Topic: Alfred Thomas Burnard

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Alfred Thomas Burnard (Service Number 27214) enlisted for the First World War with a Peterborough Street address.

Alfred Thomas Burnard served 31st of May 1916 to 2nd September 1918.

Born to Samuel and Emma, Alfred had three sisters Ethel Rose, Louie and Freda Doris. 

His father Samuel Evan Burnard (Sam) emigrated from Devon as a young man and owned a small farm in the district. Samuel served on the Hampstead Town Board and was well known through his butchery.

Sam died relatively young at the age of 48, he is buried in the Ashburton cemetery. Sam’s wife Emma Burnard nee Blackburn daughter of the station master at Rakaia lived to 78, is buried beside him the headstone is dedicated to all three Sam, Emma and Alfred.

Alfred was born in Ashburton on the 20th of November 1894 and was educated at the Ashburton Borough and High Schools. Alfred gained his Standard VI proficiency from the same Borough school in 1907. Alfred attended Canterbury College successfully completing his 1913 examinations with a first-class certificate in freehand mechanical drawing from the School of Engineering.

Alfred was an electrical engineer as a trade apprentice when he enlisted initially working for Messrs AR Craddock and Co. later with Messrs Turnbull and Jones.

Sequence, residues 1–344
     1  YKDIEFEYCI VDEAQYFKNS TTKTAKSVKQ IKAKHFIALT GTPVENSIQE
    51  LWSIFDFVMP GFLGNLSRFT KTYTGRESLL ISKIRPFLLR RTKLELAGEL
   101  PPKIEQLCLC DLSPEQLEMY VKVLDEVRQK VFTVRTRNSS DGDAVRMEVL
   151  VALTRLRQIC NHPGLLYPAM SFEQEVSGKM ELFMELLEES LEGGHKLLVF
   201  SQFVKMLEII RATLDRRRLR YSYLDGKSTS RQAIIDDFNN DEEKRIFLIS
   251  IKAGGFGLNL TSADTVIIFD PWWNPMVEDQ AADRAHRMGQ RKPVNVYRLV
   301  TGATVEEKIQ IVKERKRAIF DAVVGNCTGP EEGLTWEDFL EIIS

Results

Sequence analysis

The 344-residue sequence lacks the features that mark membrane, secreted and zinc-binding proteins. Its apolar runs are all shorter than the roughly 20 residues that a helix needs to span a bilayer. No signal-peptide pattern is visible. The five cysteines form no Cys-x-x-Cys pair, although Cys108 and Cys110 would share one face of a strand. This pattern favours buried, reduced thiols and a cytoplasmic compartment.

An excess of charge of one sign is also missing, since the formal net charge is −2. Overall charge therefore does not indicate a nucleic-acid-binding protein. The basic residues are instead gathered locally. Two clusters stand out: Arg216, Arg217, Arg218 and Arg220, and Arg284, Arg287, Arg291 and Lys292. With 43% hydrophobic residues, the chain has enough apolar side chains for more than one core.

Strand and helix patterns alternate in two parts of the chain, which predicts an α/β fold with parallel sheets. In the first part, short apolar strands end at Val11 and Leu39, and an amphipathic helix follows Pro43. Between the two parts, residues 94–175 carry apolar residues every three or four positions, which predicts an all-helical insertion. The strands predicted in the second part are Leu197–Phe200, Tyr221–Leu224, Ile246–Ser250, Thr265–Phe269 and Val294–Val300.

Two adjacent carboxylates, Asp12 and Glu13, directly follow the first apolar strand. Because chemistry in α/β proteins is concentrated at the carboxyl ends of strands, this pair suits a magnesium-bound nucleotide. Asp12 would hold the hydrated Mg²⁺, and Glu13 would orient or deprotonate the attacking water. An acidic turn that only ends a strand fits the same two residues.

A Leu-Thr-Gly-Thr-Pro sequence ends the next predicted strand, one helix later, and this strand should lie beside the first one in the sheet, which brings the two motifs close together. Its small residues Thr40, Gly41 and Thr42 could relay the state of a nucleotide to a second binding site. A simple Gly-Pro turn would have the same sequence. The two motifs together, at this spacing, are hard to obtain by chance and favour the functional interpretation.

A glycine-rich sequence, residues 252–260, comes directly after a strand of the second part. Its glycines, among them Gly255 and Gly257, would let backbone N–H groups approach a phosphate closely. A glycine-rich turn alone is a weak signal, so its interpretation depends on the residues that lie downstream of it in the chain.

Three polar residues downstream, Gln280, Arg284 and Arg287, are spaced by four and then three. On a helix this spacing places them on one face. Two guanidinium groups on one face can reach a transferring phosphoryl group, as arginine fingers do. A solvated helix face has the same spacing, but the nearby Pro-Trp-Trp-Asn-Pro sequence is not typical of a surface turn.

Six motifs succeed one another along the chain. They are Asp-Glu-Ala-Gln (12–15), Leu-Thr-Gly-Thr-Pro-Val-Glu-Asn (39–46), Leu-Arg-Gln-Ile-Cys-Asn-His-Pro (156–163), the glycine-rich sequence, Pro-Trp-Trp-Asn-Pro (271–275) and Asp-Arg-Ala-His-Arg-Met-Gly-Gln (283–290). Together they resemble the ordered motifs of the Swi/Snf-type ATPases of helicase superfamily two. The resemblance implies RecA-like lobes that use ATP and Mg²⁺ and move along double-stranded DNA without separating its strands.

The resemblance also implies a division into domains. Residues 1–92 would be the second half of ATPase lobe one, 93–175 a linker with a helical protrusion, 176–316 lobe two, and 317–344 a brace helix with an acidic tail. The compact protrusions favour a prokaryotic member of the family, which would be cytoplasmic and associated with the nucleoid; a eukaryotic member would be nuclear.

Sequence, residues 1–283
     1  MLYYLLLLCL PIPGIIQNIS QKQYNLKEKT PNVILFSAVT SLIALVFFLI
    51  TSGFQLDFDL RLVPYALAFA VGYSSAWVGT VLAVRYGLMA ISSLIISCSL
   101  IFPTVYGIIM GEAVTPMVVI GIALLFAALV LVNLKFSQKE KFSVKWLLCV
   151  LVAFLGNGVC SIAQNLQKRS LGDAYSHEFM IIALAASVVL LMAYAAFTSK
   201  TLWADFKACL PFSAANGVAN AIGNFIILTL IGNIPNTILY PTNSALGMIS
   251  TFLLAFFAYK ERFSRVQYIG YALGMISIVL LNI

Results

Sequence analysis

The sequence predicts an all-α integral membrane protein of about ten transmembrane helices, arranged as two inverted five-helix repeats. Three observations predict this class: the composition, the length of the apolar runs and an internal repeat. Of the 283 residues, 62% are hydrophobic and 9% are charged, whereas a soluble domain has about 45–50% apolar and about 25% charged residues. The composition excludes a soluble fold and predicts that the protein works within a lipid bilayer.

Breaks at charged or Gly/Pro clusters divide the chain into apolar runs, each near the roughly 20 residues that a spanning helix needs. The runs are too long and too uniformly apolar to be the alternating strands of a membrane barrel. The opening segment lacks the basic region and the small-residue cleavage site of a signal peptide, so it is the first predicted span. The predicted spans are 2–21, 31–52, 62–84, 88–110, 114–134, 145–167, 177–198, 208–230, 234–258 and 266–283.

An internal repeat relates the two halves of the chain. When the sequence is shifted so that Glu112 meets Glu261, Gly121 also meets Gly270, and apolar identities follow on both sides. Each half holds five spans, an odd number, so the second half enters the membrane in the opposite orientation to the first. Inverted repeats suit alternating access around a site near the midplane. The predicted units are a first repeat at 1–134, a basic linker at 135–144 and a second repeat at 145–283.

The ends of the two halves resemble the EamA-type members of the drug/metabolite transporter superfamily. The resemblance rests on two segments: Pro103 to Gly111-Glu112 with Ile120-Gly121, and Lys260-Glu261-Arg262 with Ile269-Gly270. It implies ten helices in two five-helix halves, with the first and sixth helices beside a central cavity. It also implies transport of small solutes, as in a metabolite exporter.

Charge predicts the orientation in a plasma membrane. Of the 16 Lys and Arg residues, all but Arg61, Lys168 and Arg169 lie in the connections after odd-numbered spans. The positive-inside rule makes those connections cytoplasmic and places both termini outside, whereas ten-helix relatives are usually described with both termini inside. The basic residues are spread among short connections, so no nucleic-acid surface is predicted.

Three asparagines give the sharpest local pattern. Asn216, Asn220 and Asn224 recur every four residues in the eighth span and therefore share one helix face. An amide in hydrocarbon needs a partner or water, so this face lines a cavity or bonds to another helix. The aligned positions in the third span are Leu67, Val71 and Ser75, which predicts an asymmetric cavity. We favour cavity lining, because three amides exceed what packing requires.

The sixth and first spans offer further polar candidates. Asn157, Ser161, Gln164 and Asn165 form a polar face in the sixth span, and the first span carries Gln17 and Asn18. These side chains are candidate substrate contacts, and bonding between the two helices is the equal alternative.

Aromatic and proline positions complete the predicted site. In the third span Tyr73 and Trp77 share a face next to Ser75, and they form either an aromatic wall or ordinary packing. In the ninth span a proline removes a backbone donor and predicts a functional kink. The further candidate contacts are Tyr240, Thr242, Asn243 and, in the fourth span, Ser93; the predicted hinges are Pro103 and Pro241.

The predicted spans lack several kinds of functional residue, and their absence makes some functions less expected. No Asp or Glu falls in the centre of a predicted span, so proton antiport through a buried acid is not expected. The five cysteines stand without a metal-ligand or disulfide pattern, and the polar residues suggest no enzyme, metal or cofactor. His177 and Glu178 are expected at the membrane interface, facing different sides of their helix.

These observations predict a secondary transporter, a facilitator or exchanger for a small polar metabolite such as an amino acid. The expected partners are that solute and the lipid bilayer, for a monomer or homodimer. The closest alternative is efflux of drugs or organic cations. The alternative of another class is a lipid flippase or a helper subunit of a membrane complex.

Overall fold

The Nominal Roll lists his mother as next of kin and their address as 129 Peterborough Street.

Initially he is reported as recruited in the Ambulance corps but the 17th Reinforcement lists him in the infantry. An account of the city’s farewell to the 17th paint a patriotic picture - farewell speeches and touching farewells were made. The band played as the crowd of parents and sweethearts cheered the draft as they marched to the special train taking them from Christchurch.

Alfred presented himself for medical examination at King Edwards Barracks on the 24th of August with ninety-eight other men of whom fifty percent were passed fit to serve. On his medical examination he was noted as being five foot 6 inches tall weighing 140 pounds with blue eyes, brown hair and a fresh complexion with a scar on the back of his 3rd finger of his left hand he was declared fit to serve once his teeth where attended to as he needed a lower plate. He was 20 years and seven months of age at the time but his form states 20 years nine months to be determined. Alfred is now listed in the artillery.

He embarked in J Company with the 17th Reinforcements of the New Zealand Expeditionary Force as a private. On gaining his commission he was transferred to the Canterbury Regiment 1st Battalion and served in the Artillery corps.

He travelled to England via the Cape of Good Hope South Africa where they had a port call on the 25th of September before his arrival in his father’s old home county of Devon.

He arrived on the 21st of November 1916 at Devonport from where they marched to Sling camp, the New Zealand camp on the Salisbury plains. Alfred left for France as a private on the 9th of December 1916 and was taken on strength at the Base Deport in Étaples a training camp on the Channel coast.